Soto priest and former student of Katagiri-Roshi, Zuiko Redding, has stated, "My basic memory of Katagiri is of how he paid total attention to what was in front of him. He took care of each thing as if it were the most important thing in the world, whether it was throwing away some trash or talking to another person. He really listened and tried to give the best answer he knew how to give. He also encouraged each of us to stand up in our own space, following our own wisdom rather than depending on him for answers or affirmation. I would sometimes tell him exactly what I thought about some idea he had, only to turn and see him smiling broadly at me, glad that I wasn’t buying into his agenda."[10]


Following his death, it was rumored that Katagiri Roshi had engaged in sexual relationships with some female students.[11][12] One of Katagiri's students, author Natalie Goldberg, wrote about her reaction to these claims.[13]

Dharma heirs[edit]


  • Katagiri, Dainin; Conniff, Yūkō; Hathaway, Willa (1988). Returning to Silence: Zen Practice In daily Life. Shambhala Publications. ISBN 0-87773-431-3. OCLC 16982186.
  • Katagiri, Dainin; Hagen, Steve (1998). You Have to Say Something: Manifesting Zen Insight. Shambhala Publications. ISBN 1-57062-238-8. OCLC 38249757.
  • Katagiri, Dainin (1999). Katagiri Roshi : Buddhist lay ordination lectures: a transcription of the lectures given January 6 to February 4, 1982 at the Minnesota Zen Meditation Center, Minneapolis, Minnesota. Katagiri Roshi Book Project. OCLC 56682716.
  • Katagiri, Dainin; Martin, Andrea (2007). Each Moment is the Universe: Zen and the Way of Being Time. Shambhala Publications. ISBN 978-1-59030-408-2.
  • Katagiri, Dainin; Martin, Andrea (2017). The Light That Shines through Infinity: Zen and the Energy of Life. Boulder: Shambhala Publications. ISBN 978-1-61180-466-9. OCLC 975110843.

See also[edit]


  1. ^ Gach, Gary (1998). What Book!?: Buddha Poems from Beat to Hiphop. Parallax Press. p. 217. ISBN 0-938077-92-9.
  2. ^ a b Prebish, Charles S (1999). Luminous Passage: The Practice and Study of Buddhism in America. University of California Press. p. 14. ISBN 0-520-21697-0.
  3. ^ Greiner, Tony (2001). The Minnesota Book of Days: An Almanac of State History. Minnesota Historical Society Press. p. 23. ISBN 0-87351-416-5.
  4. ^ Paprock, John-Brian; Paproack, Teresa Peneguy (2004). Sacred Sites of Minnesota. Big Earth Publishing. p. 36. ISBN 1-931599-26-2.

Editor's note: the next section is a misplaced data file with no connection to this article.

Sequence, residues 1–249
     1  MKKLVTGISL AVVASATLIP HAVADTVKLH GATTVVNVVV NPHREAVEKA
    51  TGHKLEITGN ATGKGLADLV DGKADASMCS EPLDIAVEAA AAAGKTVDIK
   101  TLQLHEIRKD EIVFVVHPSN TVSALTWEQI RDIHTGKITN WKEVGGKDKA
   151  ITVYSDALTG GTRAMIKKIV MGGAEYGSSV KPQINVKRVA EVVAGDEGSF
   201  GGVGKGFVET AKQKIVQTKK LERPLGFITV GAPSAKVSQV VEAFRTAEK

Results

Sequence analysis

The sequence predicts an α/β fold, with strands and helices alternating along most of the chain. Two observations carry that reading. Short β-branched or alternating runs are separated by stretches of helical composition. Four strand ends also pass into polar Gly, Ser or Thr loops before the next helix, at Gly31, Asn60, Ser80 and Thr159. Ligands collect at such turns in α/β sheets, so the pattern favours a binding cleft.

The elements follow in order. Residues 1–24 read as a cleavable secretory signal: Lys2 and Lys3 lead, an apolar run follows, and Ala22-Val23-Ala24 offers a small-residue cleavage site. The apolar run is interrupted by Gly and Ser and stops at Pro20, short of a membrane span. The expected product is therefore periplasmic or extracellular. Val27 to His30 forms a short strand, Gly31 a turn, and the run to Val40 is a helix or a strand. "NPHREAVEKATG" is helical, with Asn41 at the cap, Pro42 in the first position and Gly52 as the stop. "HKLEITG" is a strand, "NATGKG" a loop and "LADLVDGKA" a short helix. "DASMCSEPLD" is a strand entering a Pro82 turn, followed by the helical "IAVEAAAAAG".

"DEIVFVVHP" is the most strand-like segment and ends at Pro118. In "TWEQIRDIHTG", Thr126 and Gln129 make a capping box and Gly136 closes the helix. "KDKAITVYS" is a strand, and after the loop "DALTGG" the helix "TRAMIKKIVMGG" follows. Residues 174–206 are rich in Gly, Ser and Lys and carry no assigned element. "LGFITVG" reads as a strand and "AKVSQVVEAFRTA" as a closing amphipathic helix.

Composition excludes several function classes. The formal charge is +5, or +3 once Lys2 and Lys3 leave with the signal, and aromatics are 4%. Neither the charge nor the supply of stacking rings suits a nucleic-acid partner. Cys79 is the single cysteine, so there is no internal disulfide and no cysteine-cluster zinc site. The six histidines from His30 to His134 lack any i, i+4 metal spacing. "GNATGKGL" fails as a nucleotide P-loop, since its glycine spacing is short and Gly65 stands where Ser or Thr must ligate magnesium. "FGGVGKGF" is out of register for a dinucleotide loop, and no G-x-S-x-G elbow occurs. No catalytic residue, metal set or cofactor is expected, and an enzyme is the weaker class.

5. ^ Snelling, John (1991). The Buddhist Handbook: A Complete Guide to Buddhist Schools, Teaching, Practice and History. Inner Traditions. p. 238. ISBN 0-89281-319-9. OCLC 23649530.
  6. ^ a b Chadwick, David. "Interview with Tomoe Katagiri, widow of Dainin Katagiri-roshi". Crooked Cucumber. Retrieved July 30, 2012.
  7. ^ Leighton, 28
  8. ^ a b "Ryumonji Zen Monastery - Teachers". Ryumonji.org. Archived from the original on 2012-10-25. Retrieved 2012-10-13.
  9. ^ Ford, James Ishmael (2006). Zen Master Who?: A Guide to the People and Stories of Zen. Wisdom Publications. pp. 127, 133. ISBN 0-86171-509-8.
  10. ^ "Zuiko Redding Interview". Sweeping Zen. June 17, 2009. Archived from the original on September 25, 2009. Retrieved 2009-06-25.
  11. ^ "Beyond Betrayal". Tricycle: The Buddhist Review. Retrieved May 4, 2013.
  12. ^ "A Letter to Nonin Chowaney from Sojun Diane Martin on Dainin Katagiri". Sweeping Zen. Sweeping Zen. Archived from the original on April 5, 2015. Retrieved May 4, 2013.
  13. ^ Goldberg, Natalie (2005). The Great Failure: My Unexpected Path to Truth. HarperOne. ISBN 9780060816124.
  14. ^ "Leadership". hokyoji.tripod.com. Hokyoji.tripod.com. Archived from the original on 2012-03-30. Retrieved 2012-10-13.
  15. ^ "Our Teacher « Great Tree Zen Temple". Greattreetemple.org. Retrieved 2012-10-13.
  16. ^ "Compassionate Ocean Dharma Center: A Center for Mindful Living". Oceandharma.org. Retrieved 2012-10-13.
  17. ^ "Wild Fox Zen". Wildfoxzen.blogspot.com. Retrieved 2012-10-13.
  18. ^ "Teachers | Norm Randolph". Dharma Field. Archived from the original on 2012-07-01. Retrieved 2012-10-13.
  19. ^ "Minnesota Zen Meditation Center". Mnzencenter.org. Retrieved 2012-10-13.
  20. ^ "The Missouri Zen Center". The Missouri Zen Center. Retrieved 2012-10-13.

Further reading[edit]

External links[edit]